Volume 17, Issue 25
Business leaders and environmentalists alike have been preparing to argue their sides regarding Delaware’s Coastal Zone Act.
Preparations were put to us on Thursday, May 18,2017, when state legislators introduced a bill that would alter how Delaware’s signature environmental zoning law is administered. If these changes come to pass, they would only be the second made in nearly 50 years.
Some environmentalists do not support the bill and have gone so far as to state that it is even worse than they imagined.
“It’s absolutely terrifying,” longtime activist Amy Roe said. “What they’re proposing would completely and totally break the Coastal Zone Act while putting low-income, minority communities at risk of real environmental disasters.”
The Coastal Zone Conversion Permit Act, House Bill 190, if passed, would create a permitting process that would allow new industrial uses at 14 coastal sites, only one would not be located in New Castle County.
Though not all are currently active, all have in the past had heavy industry use and all are polluted. Supporters argue that the bill would encourage businesses to clean up the sites and hundreds of factory jobs.
“The state doesn’t have the funds to remediate these sites and the only way to clean them up is for a business to come in,” said James DeChene, vice president of government affairs for the Delaware State Chamber of Commerce.
“The only way they’re going to do that is if they can use the sites and then you get new industries and good-paying jobs,” he added. “It’s a win-win.”
A big problem for environmentalists is a provision that would allow nine properties with docks and piers built before 1971 to conduct bulk product transfer, which means it can move cargo such as oil or raw chemicals from ship to shore and vice versa.
The current Coastal Zone Act fought to protect the Delaware Bay and the state’s shoreline from the encroachment of heavy industrial development and specifically bans bulk product transfer.
The act’s first paragraph warns that ports and docking facilities used for that purpose would represent a significant danger of pollution and attract exactly the types of heavy industry the law sought to contain.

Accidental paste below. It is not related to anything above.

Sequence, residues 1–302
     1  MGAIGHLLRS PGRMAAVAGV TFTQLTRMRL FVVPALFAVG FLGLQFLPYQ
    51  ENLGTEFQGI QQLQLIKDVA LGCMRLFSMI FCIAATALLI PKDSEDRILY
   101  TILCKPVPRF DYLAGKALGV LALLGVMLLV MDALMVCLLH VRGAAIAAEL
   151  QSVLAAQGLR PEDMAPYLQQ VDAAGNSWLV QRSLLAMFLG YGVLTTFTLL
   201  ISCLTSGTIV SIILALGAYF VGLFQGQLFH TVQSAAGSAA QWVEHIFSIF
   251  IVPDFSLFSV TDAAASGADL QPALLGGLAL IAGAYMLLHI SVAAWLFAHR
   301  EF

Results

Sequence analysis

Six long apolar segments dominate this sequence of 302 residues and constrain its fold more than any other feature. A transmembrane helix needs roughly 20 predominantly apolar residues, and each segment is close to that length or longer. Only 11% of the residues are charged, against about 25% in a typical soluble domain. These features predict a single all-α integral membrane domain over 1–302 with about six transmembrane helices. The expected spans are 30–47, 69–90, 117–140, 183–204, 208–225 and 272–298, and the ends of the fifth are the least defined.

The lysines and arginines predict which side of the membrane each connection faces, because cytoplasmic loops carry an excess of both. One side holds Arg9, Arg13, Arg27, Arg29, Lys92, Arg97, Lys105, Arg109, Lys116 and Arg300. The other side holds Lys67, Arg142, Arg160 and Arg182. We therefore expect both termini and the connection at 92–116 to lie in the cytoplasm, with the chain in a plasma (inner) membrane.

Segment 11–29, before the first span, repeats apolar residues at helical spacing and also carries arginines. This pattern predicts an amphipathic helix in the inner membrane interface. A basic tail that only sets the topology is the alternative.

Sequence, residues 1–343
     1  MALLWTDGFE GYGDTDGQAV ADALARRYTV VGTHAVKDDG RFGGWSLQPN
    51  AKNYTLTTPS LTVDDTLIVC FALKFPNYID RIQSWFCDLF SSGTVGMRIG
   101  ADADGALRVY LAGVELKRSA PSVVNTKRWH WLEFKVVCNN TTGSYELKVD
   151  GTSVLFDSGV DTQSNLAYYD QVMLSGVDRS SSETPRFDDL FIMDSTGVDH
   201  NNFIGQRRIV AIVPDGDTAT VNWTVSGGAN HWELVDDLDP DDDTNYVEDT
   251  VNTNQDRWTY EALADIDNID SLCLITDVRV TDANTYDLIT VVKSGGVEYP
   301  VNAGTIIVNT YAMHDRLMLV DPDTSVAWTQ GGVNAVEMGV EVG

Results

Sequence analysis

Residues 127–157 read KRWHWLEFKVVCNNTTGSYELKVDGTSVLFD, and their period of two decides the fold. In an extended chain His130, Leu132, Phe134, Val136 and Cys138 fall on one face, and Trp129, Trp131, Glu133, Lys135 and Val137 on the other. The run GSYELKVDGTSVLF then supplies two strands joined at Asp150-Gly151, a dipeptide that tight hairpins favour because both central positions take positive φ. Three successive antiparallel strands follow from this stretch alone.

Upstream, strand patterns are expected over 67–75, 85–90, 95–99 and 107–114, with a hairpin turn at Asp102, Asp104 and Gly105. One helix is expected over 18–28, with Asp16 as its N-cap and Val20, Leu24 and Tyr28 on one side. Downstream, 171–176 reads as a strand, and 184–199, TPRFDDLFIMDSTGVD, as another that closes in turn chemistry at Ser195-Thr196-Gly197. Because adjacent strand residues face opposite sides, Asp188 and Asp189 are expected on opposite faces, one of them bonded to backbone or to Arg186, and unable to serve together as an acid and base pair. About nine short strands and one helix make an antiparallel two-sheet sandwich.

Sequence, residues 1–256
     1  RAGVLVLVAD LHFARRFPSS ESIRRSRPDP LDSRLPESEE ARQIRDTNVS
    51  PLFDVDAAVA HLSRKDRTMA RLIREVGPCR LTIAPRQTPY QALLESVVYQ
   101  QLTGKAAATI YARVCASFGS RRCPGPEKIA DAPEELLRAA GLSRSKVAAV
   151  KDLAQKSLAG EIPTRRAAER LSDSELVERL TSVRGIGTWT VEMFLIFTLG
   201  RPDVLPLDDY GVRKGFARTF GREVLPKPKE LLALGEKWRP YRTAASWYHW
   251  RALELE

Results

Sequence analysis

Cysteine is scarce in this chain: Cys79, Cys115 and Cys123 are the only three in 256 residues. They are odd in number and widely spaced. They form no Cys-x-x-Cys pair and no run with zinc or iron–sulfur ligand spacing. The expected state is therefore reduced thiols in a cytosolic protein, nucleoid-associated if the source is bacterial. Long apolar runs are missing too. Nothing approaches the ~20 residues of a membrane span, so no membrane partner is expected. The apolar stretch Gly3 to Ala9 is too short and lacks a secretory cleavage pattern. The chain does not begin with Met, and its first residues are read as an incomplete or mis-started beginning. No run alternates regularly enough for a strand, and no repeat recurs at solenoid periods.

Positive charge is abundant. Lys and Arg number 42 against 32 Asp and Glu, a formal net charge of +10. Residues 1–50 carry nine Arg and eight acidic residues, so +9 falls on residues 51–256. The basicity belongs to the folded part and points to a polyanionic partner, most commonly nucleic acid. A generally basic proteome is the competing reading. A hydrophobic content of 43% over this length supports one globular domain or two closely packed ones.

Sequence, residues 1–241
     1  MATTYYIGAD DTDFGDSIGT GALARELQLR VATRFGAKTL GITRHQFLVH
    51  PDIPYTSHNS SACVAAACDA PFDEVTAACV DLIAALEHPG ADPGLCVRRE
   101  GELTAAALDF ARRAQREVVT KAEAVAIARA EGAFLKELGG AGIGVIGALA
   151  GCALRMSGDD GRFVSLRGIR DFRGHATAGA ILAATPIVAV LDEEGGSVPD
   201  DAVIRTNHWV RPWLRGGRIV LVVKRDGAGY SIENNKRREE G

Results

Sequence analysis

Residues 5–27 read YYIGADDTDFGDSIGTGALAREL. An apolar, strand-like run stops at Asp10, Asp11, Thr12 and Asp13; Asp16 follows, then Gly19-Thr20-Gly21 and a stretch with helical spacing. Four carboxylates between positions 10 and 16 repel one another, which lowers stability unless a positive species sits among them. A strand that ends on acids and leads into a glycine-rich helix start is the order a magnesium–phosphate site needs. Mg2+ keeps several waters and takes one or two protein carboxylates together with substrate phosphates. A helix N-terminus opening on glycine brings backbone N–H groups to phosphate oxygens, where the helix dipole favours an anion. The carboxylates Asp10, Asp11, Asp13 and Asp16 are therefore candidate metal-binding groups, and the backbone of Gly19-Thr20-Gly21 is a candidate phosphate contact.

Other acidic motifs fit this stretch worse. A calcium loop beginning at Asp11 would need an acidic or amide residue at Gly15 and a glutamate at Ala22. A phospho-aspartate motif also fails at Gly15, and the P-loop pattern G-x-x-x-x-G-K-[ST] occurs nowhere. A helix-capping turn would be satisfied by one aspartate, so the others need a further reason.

“For these reasons,” the law states, “prohibition against bulk product transfer facilities in the coastal zone is deemed imperative.”
Roe said she would be devastated if these shipments were now allowed.
“That would mean opening Delaware’s coast up to more ships and more trains carrying hazardous materials,” she said. “That means a much greater risk of oil spills and other incidents that could threaten our wildlife, our fishing industries and our beaches.”
Proponents counter that these fears are overblown.
“Everyone seems to focus on the fear of an oil spill,” said state Rep. Ed Osienski, D-Newark, the bill’s lead sponsor in the House. “But I’m sure with the new technology – sensors, switches, electronics, video – that when something goes wrong, it’s going to be caught quickly to eliminate any major disaster.”
The legislation, he argues, has provisions that would require owners of the properties to put up money to cover cleanup costs from spills and other contamination.
“I don’t think it will impact the state’s tourism industry at all,” he said. “There are 14 sites [in the bill] none of which I can ever imagine being tourist sites.”
What are your thoughts about the bill?
Source: Goss, Scott, and Xerxes Wilson. “Bitter Fight Expected over Coastal Zone Reform Bill.” News Journal. Delawareonline, 20 May 2017. Web. 22 May 2017.